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How the Affordable Care Act Has Helped Seniors in Chinatown

August 17, 2017
How the Affordable Care Act Has Helped Seniors in Chinatown By Jessica Portner The Chinatown Service Center is the largest community-based Chinese-American health and human service organization in Southern California, serving immigrants, refugees and others in need of assistance. The center, which largely serves those who have nowhere else to go, would not be a robust social or medical refuge if it were not for the Affordable Care Act. 

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Returning from a Midlife MS Diagnosis — On a Bike

August 7, 2017
After her Multiple Sclerosis diagnosis in 2007, Julie Williams decided to commute to work on a bike to improve her health. She quickly found it improved her physical, mental, and emotional well-being.

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Medi-Cal Discriminates Against Latinos, Harms Seniors Especially, Lawsuit Alleges

July 25, 2017
Medi-Cal Discriminates Against Latinos, Harms Seniors Especially, Lawsuit Alleges By Claudia Boyd-Barrett People who rely on Medi-Cal for their health insurance are finding it difficult to get critical care because the state’s reimbursement rates to doctors are unreasonably low, a new lawsuit alleges. While the problem affects all age groups, older Californians find it especially difficult to meet their specialized medical needs, attorneys involved in the lawsuit said.

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Proposed Medi-Cal Rules Offer Rural Residents Less Access to Specialists and Mental Health Care

July 13, 2017
Proposed Medi-Cal Rules Offer Rural Residents Less Access to Specialists and Mental Health Care By Hannah Guzik Should patients in rural California have to drive four times as far to see a neurologist as someone who lives in Los Angeles? Should your access to health care depend on your zip code?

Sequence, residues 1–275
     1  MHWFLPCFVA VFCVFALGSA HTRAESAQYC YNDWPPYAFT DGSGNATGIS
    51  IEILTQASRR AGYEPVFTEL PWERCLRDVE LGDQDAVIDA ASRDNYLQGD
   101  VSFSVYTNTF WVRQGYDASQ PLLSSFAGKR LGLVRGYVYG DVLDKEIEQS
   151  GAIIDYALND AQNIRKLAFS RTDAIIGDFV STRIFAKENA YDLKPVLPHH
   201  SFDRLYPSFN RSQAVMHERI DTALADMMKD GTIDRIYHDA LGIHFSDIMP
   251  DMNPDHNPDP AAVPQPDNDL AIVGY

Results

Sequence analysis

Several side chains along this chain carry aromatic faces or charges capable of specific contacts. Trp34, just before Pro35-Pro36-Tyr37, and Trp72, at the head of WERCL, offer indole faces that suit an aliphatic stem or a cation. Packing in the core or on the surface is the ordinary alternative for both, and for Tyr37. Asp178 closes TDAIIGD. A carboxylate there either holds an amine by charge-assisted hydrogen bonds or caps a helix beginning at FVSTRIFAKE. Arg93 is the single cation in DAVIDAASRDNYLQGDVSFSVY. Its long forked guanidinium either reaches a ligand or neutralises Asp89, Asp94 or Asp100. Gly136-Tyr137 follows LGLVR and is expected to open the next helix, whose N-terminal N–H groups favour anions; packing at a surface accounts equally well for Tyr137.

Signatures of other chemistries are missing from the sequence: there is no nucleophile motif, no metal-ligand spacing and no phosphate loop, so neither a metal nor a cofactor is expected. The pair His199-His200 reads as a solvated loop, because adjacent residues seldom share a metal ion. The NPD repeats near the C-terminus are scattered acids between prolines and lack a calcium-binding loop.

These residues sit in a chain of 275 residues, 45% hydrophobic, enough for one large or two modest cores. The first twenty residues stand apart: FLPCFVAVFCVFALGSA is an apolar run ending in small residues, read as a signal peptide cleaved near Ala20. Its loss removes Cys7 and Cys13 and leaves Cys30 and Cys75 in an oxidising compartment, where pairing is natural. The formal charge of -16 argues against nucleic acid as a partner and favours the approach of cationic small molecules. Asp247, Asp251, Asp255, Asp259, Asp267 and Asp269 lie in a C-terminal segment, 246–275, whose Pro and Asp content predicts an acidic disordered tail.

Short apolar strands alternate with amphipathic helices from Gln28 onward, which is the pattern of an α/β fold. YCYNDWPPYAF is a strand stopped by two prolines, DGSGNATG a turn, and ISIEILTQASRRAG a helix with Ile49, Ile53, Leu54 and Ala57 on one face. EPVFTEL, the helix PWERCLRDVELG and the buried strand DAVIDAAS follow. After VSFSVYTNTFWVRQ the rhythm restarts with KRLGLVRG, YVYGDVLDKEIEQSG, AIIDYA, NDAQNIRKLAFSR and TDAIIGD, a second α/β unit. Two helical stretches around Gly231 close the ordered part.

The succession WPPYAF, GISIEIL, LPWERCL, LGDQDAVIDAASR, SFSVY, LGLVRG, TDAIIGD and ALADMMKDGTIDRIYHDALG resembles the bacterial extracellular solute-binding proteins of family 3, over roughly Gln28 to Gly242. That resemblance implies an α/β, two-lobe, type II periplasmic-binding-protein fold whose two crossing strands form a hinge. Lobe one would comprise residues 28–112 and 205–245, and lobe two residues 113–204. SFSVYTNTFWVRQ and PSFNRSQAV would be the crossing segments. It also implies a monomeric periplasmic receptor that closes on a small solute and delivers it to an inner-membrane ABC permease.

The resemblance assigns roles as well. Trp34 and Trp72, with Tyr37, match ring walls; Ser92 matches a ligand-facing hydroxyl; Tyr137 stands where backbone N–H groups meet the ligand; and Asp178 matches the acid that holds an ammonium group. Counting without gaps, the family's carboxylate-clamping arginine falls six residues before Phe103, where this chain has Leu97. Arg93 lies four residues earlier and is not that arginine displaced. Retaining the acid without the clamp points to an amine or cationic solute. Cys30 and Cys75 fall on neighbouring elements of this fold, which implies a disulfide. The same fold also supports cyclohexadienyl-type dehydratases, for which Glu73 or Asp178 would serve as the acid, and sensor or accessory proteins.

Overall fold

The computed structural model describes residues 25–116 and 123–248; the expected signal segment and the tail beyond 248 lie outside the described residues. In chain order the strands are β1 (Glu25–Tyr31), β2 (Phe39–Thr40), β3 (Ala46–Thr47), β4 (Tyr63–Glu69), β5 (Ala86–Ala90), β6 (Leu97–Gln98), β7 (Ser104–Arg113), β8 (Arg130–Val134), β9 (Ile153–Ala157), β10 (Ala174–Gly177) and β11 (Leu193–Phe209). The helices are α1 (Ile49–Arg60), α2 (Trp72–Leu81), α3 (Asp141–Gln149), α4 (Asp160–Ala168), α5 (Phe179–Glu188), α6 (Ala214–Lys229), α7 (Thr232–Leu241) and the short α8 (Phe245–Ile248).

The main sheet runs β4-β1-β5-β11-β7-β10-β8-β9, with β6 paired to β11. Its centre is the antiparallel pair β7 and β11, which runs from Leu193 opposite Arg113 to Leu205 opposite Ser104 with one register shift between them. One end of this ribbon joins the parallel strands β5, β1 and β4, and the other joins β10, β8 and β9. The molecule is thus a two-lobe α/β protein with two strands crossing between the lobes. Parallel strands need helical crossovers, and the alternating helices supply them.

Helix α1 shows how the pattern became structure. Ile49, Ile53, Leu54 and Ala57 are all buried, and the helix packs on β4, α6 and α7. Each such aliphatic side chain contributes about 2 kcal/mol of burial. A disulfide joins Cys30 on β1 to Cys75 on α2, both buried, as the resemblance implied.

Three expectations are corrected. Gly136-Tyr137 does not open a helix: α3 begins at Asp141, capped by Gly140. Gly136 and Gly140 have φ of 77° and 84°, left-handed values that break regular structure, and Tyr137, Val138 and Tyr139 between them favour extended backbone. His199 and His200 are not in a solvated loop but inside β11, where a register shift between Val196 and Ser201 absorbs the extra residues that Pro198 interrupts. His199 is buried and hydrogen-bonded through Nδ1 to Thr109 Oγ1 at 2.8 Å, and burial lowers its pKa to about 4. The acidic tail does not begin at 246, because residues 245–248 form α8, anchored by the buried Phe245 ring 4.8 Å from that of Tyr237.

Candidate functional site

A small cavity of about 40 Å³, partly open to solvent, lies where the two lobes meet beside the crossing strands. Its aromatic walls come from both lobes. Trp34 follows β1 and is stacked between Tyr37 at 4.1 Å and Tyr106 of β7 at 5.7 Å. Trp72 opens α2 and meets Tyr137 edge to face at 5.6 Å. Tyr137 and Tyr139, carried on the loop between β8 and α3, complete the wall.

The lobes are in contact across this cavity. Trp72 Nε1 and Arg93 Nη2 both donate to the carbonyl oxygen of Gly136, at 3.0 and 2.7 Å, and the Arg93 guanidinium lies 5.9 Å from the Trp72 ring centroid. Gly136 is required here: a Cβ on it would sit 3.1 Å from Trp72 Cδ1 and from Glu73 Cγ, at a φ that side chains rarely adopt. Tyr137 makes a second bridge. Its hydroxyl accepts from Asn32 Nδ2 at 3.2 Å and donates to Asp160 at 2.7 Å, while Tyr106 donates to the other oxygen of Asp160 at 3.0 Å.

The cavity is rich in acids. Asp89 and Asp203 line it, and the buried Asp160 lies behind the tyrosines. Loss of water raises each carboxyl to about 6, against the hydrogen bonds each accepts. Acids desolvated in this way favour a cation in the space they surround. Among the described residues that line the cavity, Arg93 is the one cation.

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Rising Temperatures Will Put Seniors at Risk, Experts Predict

July 11, 2017
Rising Temperatures Will Put Seniors at Risk, Experts Predict By Claudia Boyd-Barrett The future is hot, and seniors, who are more prone to heat stress than younger adults, will be among those most affected by rising temperatures. With the over-65 population projected to expand rapidly in the coming decades, the accompanying hotter weather could place an enormous burden on emergency and health care infrastructure.

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Bullying is Prevalent in Senior Living Facilities, Contributing to Depression

July 10, 2017
Bullying is Prevalent in Senior Living Facilities, Contributing to Depression By Kellie Schmitt Research has found that about 20 percent of people in senior care facilities have experienced antagonistic behaviors nationwide. As older adults face aging—and the mental and physical losses it brings—bullies try to assert control, just like their middle-school counterparts.

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In Los Angeles’ Senior Communities, Promatoras Offer Health Guidance In Spanish

June 30, 2017
In Los Angeles’ Senior Communities, Promatoras Offer Health Guidance In Spanish As California’s Latino population ages, promatoras are increasingly seen as a way to boost senior health in a way that honors their culture. A promotora typically receives specialized training to provide information to residents in the Latino communities in which they live. Promotoras make house calls, go to PTA meetings and offer informal presentations in school classrooms.

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Once Isolated in the Tenderloin, Seniors Find Friendship

June 19, 2017
By Claudia Boyd-Barrett A San Francisco program connects low-income seniors who have become socially isolated, have trouble connecting with others (or even leaving their homes) with companionship.

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Cuts to Federal Nutrition Assistance Could Derail Efforts to Feed Hungry Seniors

June 16, 2017
Cuts to Federal Nutrition Assistance Could Derail Efforts to Feed Hungry Seniors Claudia Boyd-Barrett Food banks and advocates for seniors are nervously eyeing a looming threat to the nutritional wellbeing of the poor, elderly and disabled: a proposed $193 billion cut to federal funding for SNAP over the next 10 years. The cuts to the program, which was once called food stamps and goes by the name CalFresh in California, were proposed as part of President Trump’s 2018 budget.  

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Aging Veterans Reluctant to Apply for Aid to Help them Stay in Their Homes

June 15, 2017
Aging Veterans Reluctant to Apply for Aid to Help them Stay in Their Homes By Lisa Renner Aid and Assistance, a benefit for low-income veterans and their survivors, is underused, according to veteran service officers. Though there are 21 million vets nationwide, only 116,000 veterans and 126,500 survivors participate in Aid and Assistance.

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